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Feeling burned out? You and 40% of professionals

Burnout is a problem that just won’t go away, new research from global talent solutions and business consulting firm Robert Half shows. In a survey of 1,132 professionals, 36 per cent of respondents reported being more burned out now than a year ago. Workers said the most common factors contributing to burnout today are: Heavy workloads (54 per cent) Lack of communication and support from management (29 per cent) Toxic organizational culture (26 per cent) Those with the highest burnout levels include: Gen Z and millennials Employees who have been with their company for 2-4 years Working parents “Burnout is a serious issue that needs to be combatted with ongoing efforts”, said David King, Senior Managing Director, Robert Half, Canada and South America. “Though many companies have made strides in supporting employee well-being,… . . . read more.


Creating an inclusive and safe space for the LGBTQ+ community in a medical office

As a medical office manager, you play a pivotal role in ensuring that your healthcare facility is a safe and welcoming space for all individuals. It is important to prioritize inclusivity, especially for members of the LGBTQ+ community, including staff, patients, their families, vendors, and visitors. By establishing a safe space, you not only provide quality healthcare but also promote trust, comfort, and well-being. Why Create a Safe Space? Ethical and Patient-Centered Care: As a healthcare provider, your primary focus is to deliver patient-centered care. By creating a safe space, you demonstrate your commitment to providing compassionate and inclusive care to all individuals, irrespective of their sexual orientation or gender identity. Health Equity and Reduced Disparities: Members of the LGBTQ+ community often face healthcare disparities and discrimination. By establishing an… . . . read more.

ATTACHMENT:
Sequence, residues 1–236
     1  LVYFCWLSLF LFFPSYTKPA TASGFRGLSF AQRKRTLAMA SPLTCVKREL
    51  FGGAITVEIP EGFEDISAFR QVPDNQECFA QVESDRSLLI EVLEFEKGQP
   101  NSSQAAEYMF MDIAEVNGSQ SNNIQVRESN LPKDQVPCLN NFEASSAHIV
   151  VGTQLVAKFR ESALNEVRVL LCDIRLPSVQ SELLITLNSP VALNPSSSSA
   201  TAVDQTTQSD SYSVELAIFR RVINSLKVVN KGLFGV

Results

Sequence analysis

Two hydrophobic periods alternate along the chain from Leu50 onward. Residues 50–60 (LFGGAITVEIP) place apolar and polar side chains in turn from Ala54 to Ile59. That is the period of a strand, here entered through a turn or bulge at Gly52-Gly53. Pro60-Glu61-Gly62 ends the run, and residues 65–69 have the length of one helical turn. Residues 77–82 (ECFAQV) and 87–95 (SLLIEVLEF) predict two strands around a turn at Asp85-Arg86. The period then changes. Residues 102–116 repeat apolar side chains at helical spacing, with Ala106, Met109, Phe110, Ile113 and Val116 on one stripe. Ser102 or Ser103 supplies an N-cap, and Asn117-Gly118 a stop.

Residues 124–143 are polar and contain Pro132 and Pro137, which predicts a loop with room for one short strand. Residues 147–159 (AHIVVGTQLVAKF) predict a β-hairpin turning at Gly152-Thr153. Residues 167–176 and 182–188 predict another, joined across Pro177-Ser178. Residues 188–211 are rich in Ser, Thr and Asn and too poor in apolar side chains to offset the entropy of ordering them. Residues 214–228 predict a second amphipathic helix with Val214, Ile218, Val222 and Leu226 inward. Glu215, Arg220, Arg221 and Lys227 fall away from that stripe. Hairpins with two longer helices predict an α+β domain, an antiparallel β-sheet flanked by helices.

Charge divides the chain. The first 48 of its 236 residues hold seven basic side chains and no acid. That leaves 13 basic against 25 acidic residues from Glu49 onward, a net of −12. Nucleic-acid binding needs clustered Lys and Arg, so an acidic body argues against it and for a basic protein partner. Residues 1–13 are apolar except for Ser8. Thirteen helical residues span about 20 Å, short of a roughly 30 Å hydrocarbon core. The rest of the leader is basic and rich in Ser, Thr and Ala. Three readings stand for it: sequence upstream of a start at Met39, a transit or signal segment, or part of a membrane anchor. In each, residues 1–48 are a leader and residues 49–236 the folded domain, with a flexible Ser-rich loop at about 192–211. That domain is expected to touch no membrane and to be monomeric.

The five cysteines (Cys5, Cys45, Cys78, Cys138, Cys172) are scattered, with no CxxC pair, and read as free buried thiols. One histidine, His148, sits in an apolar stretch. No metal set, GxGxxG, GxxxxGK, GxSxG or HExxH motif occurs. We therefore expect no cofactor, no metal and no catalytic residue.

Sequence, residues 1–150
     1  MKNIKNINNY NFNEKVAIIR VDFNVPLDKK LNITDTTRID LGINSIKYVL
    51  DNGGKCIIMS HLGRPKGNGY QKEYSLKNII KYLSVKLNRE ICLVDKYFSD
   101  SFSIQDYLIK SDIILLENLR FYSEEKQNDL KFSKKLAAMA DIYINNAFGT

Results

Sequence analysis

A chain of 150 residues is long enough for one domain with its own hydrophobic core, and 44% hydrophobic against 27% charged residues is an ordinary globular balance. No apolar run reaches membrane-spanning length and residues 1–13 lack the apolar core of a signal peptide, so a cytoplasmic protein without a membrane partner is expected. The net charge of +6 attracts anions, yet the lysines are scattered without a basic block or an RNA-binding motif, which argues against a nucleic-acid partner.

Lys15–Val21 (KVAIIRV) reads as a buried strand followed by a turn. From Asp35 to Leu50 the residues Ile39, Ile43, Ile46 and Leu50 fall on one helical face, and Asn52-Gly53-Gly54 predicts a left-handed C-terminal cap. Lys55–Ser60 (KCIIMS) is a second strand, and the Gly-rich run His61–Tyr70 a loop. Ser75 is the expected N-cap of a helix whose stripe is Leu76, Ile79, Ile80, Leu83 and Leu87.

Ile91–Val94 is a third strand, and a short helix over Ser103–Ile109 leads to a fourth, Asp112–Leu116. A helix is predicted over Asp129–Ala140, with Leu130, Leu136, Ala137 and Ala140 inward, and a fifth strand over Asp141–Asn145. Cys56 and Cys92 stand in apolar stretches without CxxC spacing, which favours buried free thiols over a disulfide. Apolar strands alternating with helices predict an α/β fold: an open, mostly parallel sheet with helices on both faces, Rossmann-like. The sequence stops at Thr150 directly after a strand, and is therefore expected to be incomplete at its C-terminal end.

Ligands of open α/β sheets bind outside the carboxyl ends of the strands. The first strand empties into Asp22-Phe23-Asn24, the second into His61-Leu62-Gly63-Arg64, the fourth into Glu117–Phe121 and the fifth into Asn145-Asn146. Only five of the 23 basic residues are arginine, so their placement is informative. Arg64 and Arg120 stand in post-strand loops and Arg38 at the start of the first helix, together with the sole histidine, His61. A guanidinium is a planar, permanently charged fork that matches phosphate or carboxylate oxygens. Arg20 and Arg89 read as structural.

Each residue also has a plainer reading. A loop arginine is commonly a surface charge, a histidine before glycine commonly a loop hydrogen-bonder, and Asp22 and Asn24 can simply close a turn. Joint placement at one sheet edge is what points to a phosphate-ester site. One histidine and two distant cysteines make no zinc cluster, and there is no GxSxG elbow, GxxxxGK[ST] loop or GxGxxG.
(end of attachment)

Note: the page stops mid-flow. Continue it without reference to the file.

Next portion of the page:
Keep your employees safe by complying with OSHA regulations

In a small medical office, the manager may be responsible for occupational safety, so make sure you know how to keep your workers safe and avoid OSHA violations. Here are some recommended approaches: OSHA Training Programs: OSHA (the federal Occupational Health and Safety Administration) provides a variety of training programs and resources specifically designed to help employers and employees understand workplace safety regulations. The most relevant training programs for medical office managers may include the OSHA 10-hour or 30-hour General Industry Outreach Training, which covers a wide range of safety topics. These programs are often available through local OSHA Training Institute Education Centers or authorized OSHA trainers. Online Training Courses: Numerous online platforms offer OSHA-compliant training courses that cover specific topics such as bloodborne pathogens, hazard communication, emergency preparedness, and… . . . read more.


Navigating career growth: 6 advancement opportunities for medical office managers